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General and Risk Management, Patient Safety (including: medication errors, quality control)
Prescribing error reporting and pharmacist oriented prevention program in emergency department
  1. N. Mohebbi,
  2. M.R. Javadi,
  3. K. Gholami
  1. 1Shariati Hospital affiliated to Tehran University of Medical sciences, Pharmaceutical Care Unit, Tehran, Iran
  2. 2Tehran University of Medical sciences, clinical Pharmacy, Tehran, Iran


Background Due to the nature of emergency department, quantity of medicine used and starting of a newly established emergency medicine residency program in our hospital it was decided to use clinical pharmacist interventions to protect patients from adverse drug events.

Purpose To assess clinical pharmacist intervention impact on reduction of medication errors.

Materials and methods Retrospective evaluation orders of emergency medicine residents from October 2010 to January 2011 were done. The frequency of prescription errors determined by a clinical pharmacist based on patients medical records. Subsequently, weekly educational sessions on prescribing for emergency medicine residents conducted by a clinical pharmacist. Recording errors continued for 4 months period prospectively and statistical analyses compared the results before and after interventions.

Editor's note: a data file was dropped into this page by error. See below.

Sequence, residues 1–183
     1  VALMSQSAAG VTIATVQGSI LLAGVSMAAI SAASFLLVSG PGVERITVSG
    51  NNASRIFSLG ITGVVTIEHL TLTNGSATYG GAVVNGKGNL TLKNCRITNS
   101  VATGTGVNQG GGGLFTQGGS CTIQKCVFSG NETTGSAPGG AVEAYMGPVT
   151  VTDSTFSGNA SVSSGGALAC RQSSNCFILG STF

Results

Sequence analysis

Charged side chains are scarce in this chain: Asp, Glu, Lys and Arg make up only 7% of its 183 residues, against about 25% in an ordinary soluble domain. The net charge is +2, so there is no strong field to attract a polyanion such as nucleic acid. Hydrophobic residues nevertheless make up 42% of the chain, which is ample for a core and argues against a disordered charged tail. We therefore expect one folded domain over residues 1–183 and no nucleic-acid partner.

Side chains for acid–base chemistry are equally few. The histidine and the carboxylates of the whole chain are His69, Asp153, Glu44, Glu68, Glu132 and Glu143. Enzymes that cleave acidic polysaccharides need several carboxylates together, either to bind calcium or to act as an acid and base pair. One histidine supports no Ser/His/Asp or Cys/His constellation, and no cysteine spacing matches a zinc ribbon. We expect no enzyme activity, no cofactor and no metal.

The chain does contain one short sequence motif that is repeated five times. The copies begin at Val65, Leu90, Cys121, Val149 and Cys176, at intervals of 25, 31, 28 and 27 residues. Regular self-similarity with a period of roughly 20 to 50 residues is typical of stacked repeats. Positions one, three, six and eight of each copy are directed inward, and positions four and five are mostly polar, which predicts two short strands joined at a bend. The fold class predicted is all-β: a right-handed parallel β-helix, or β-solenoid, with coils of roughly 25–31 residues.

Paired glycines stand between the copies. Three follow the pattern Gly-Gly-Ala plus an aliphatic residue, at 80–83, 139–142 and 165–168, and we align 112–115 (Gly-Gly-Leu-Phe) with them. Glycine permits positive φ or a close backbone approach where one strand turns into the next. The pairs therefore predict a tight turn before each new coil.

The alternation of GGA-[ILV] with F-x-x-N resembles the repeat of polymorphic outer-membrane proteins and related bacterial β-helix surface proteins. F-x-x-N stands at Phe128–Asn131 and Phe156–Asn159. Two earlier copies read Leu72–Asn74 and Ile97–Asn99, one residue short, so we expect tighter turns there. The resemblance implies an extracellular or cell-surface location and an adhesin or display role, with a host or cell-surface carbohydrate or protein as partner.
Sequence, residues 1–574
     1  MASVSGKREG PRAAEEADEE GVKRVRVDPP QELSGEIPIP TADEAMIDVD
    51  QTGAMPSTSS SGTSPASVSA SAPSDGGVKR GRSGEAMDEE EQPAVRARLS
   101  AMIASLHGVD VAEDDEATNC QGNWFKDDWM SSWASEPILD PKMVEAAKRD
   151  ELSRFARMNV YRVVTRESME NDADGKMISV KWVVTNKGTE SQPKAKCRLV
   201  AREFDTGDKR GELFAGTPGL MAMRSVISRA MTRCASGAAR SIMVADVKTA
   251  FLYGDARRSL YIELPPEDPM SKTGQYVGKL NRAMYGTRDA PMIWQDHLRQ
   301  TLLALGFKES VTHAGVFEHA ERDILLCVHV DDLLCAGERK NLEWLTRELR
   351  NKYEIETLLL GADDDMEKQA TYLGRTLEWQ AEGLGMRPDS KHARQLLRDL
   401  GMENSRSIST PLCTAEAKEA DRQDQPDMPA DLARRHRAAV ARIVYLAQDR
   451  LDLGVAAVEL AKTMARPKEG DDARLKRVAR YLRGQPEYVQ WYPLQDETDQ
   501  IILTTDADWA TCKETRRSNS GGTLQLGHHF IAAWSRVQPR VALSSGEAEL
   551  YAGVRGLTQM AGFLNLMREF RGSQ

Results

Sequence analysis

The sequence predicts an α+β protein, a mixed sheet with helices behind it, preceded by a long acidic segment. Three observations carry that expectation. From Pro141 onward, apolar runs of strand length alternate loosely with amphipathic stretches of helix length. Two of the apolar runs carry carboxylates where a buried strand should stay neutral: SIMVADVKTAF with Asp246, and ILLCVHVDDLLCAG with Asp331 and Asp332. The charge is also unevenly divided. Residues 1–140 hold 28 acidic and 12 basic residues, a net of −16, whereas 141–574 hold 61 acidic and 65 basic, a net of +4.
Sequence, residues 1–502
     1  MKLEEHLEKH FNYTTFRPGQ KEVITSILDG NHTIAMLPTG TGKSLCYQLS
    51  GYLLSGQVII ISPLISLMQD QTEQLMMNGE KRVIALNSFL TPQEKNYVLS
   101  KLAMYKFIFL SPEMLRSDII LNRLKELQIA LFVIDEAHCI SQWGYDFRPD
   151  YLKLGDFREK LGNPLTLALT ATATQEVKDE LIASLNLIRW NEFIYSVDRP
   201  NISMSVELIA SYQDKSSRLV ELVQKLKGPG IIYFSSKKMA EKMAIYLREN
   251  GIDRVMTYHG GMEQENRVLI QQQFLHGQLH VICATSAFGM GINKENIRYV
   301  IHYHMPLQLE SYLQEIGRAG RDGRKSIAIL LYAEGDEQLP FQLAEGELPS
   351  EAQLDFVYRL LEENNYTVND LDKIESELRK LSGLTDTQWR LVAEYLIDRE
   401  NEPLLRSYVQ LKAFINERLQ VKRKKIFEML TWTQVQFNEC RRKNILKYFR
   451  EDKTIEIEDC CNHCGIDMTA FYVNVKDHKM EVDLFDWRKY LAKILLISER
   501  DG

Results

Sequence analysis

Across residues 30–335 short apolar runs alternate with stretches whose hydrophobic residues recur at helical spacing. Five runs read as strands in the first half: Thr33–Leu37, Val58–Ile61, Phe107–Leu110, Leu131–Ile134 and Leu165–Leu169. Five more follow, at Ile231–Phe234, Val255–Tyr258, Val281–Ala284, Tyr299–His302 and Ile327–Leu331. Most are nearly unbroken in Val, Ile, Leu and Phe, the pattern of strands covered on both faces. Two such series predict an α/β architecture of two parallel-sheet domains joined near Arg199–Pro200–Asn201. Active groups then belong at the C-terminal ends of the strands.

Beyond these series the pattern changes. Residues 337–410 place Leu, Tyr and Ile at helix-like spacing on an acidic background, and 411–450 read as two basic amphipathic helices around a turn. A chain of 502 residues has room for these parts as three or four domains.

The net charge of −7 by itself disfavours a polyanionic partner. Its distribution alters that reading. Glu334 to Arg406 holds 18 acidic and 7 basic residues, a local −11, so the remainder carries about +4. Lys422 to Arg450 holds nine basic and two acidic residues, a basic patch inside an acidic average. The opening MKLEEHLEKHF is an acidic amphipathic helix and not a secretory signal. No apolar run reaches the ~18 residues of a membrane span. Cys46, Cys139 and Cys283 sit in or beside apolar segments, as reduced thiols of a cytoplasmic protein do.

Results In a retrospective study The authors evaluated 5320 prescription with total number of 22346 medication ordered. Results indicated 4941(22.1%) ordering errors. After clinical pharmacist intervention the rate diminished significantly to (5.6%) 1276 errors in 5602 prescriptions (22743 medication orders) (P<0.01). Inappropriate drug choice (23%), improper dose(21%), inaccurate dosing interval(19%), drug interactions(16%), misdiagnosis(14%), choosing wrong dosage form(4%), and improper route of administration(3%) were errors before clinical pharmacist interventions. The most frequent errors after intervention were inappropriate drug choice (20%), and drug interactions (18.5%). The rate of other kind of errors were in this order: misdiagnosis (18%), improper dose (18%), inaccurate dosing interval (15.5%), choosing wrong dosage form (6%), and improper route of administration (4%). Inaccurate dosing interval decreased more than other prescribing errors with pharmacist intervention (from 939 to 198 errors).

Conclusions The results show that reduction in prescribing errors was significant after pharmacist intervention. Monitoring of orders and drug therapy education of the physicians seems to be a substantial factor in hospitals which lead to patient safety and rational drug use.

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